Huddersfield Corporation Tramways

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Huddersfield Corporation Tramways operated the tram system in the Huddersfield area from 1883 to 1940 and is noteworthy as the first service to be run entirely by a municipal authority.


By the early 1880s, a number of towns and cities were operating a horse-drawn or steam engine powered tramway system including Liverpool (1869), Leeds (1871), Middlesbrough (1875), Manchester (1877), Sunderland (1879), Derby (1880), and York (1881). Under the terms of the Tramways Act of 1870, local boroughs or urban district councils were authorised to construct the track but were not permitted to operate the tram service themselves, which instead was operated by a private company which leased the lines.

The London Tramways & General Works Company sought a Parliamentary Bill in 1877 to build and operate a tram service in Huddersfield. Initially this had the support of Huddersfield Corporation but this was later withdrawn and the Bill failed. According to local solicitor Samuel Learoyd, the reason for the withdrawal of support was not given,[1] but town clerk Joseph Batley wrote to the Chronicle to state that the company had failed to discuss their plans with all of the necessary stakeholders and that the Bill was too different from the scheme that had previously been proposed to some of the town council.[2][3]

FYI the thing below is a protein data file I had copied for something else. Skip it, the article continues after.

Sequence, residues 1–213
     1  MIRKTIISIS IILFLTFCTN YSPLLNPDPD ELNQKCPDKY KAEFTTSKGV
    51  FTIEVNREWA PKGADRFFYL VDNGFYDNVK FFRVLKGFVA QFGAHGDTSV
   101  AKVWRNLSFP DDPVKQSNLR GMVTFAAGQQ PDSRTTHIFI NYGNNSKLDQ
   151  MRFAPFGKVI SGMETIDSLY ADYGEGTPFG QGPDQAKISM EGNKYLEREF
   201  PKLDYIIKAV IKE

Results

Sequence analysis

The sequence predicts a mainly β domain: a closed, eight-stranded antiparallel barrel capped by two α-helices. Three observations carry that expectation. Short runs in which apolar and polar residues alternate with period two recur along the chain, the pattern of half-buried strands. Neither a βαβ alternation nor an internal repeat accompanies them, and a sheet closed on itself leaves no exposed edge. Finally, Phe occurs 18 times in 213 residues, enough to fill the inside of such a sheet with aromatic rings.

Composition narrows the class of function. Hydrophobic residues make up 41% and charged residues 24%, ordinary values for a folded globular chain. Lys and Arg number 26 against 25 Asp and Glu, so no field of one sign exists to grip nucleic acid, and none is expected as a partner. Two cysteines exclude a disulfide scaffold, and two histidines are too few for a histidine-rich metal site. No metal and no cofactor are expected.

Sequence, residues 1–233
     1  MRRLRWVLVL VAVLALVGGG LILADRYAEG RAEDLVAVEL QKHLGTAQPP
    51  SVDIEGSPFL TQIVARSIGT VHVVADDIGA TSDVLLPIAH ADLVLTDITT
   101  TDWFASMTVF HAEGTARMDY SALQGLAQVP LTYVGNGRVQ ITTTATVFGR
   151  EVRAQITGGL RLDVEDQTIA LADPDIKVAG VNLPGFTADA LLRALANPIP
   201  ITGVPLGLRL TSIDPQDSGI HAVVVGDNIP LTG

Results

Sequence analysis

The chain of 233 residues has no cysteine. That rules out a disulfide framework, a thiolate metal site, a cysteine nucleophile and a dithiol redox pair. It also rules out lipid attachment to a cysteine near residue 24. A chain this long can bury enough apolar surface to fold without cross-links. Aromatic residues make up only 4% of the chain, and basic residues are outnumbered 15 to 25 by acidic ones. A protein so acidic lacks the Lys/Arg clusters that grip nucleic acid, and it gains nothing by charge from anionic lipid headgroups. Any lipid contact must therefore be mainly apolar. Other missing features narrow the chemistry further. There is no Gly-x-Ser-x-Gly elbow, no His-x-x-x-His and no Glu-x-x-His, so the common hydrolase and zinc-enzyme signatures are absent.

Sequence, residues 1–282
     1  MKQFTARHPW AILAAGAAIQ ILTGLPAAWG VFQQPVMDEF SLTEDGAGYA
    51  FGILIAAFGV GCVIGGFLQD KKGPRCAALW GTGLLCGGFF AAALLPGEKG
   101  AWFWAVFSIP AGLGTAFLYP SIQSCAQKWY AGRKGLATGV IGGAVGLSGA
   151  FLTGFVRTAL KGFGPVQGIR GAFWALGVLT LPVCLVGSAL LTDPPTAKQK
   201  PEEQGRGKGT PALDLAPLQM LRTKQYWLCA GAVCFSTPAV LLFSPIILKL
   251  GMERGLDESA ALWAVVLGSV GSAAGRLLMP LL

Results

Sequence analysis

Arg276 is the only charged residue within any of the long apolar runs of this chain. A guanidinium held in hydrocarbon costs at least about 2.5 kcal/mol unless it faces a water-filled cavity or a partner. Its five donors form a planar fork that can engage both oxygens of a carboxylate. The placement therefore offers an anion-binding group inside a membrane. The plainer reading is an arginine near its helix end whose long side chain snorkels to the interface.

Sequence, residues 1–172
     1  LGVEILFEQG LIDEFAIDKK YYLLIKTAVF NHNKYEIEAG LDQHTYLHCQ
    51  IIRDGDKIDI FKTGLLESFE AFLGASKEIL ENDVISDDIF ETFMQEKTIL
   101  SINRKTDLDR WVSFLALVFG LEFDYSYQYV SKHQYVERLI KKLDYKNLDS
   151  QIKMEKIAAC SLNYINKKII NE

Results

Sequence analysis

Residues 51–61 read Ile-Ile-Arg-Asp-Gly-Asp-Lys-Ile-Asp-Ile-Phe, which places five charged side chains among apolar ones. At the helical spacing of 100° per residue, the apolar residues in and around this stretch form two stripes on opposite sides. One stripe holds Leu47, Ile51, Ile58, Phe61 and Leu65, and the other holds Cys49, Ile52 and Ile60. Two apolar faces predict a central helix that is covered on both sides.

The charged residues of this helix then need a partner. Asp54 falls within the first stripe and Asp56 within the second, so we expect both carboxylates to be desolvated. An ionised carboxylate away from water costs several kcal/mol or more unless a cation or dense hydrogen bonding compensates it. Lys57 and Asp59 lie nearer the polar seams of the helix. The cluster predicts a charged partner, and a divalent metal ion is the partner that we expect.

In October 1879, an editorial in the Huddersfield Chronicle noted:[4]

Admitting that tramways are a better mode of communication than omnibuses we anticipate, not only that they will ultimately prove a source of profit to the Corporation, but that they will tempt residents in the out districts to visit the town oftener, and the inhabitants of the inner districts to ride a little oftener into the outskirts of the town. A tramway, for instance, to the newly-acquired park would be a great boon. An impetus would likewise be given by the tramway system to the erection of cottages and villas in pleasant districts around the town, and investors in building societies have every motive to give the scheme encouragement.

The Huddersfield Improvement Act of 1880 contained plans for the construction of several miles of track — which had been surveyed by borough engineer John Henry Abbey — including lines to:

  1. Parkgate, Berry Brow
  2. Bradford Road North, near Ashbrow
  3. Woodfield Road (now Meltham Road), Lockwood
  4. Marsden Road (now Manchester Road), near Milnsbridge
  5. West Street, Paddock Head
  6. Lidget Street, Lindley
  7. Wakefield Road, Waterloo
  8. Newsome Road, Newsome
  9. Northgate, Almondbury

Abbey resigned his position in August 1879 and the subsequent construction of the tramways was overseen by his successor, Richard Swarbrick Dugdale.

By the end of February 1881, a tender for the "iron and steel work of the tramways" had been accepted and advertisements were prepared to accept tenders for the laying of the tracks.[5] The first routes to be laid were from Fartown to Lockwood, to Lindley, and to Paddock.[6] The companies involved with the works were named as:[7]

  • Darlington Iron Company — rails
  • Anderston Foundary Company (Middlesborough) — bearers
  • Messrs. S.W. Pilling & Co. (Manchester) — construction and paving

The Huddersfield Chronicle reported in June 1881 that "the work of laying the tramways in the borough has begun in earnest" and that "it is expected the tramways will be laid throughout the town and its outskirts in about eight months".[8]